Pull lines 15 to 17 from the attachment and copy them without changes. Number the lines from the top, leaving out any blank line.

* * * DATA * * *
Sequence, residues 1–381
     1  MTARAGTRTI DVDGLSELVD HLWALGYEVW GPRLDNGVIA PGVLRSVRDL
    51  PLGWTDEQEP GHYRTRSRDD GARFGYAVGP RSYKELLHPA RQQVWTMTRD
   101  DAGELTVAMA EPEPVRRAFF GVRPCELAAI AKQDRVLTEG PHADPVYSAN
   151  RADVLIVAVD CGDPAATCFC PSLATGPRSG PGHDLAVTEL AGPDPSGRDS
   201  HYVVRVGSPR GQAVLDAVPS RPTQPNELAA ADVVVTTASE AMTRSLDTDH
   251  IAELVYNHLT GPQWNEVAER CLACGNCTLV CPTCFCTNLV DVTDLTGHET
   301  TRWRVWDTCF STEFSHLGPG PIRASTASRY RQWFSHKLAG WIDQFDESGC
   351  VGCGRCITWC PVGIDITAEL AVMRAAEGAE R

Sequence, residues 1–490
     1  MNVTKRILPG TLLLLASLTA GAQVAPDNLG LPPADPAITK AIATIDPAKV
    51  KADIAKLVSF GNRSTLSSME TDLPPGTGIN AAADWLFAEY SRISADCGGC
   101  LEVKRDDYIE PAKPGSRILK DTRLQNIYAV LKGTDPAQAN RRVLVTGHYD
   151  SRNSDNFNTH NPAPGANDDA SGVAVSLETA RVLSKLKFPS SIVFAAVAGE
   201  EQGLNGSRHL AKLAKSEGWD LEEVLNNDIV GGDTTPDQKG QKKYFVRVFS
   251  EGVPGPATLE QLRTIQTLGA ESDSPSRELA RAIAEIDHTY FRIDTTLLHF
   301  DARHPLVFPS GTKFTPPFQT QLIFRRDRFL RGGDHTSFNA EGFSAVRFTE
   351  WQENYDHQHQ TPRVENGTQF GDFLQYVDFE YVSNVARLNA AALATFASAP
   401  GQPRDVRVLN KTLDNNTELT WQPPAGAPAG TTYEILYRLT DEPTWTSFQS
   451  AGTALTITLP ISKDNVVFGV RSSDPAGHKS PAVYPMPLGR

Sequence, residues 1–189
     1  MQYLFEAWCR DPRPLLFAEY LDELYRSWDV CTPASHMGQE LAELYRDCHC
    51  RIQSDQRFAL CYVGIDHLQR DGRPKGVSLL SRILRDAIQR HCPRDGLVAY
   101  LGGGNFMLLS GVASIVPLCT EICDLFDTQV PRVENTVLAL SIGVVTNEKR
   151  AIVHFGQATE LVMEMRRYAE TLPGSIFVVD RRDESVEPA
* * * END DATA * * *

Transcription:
   201  EQGLNGSRHL AKLAKSEGWD LEEVLNNDIV GGDTTPDQKG QKKYFVRVFS
   251  EGVPGPATLE QLRTIQTLGA ESDSPSRELA RAIAEIDHTY FRIDTTLLHF
   301  DARHPLVFPS GTKFTPPFQT QLIFRRDRFL RGGDHTSFNA EGFSAVRFTE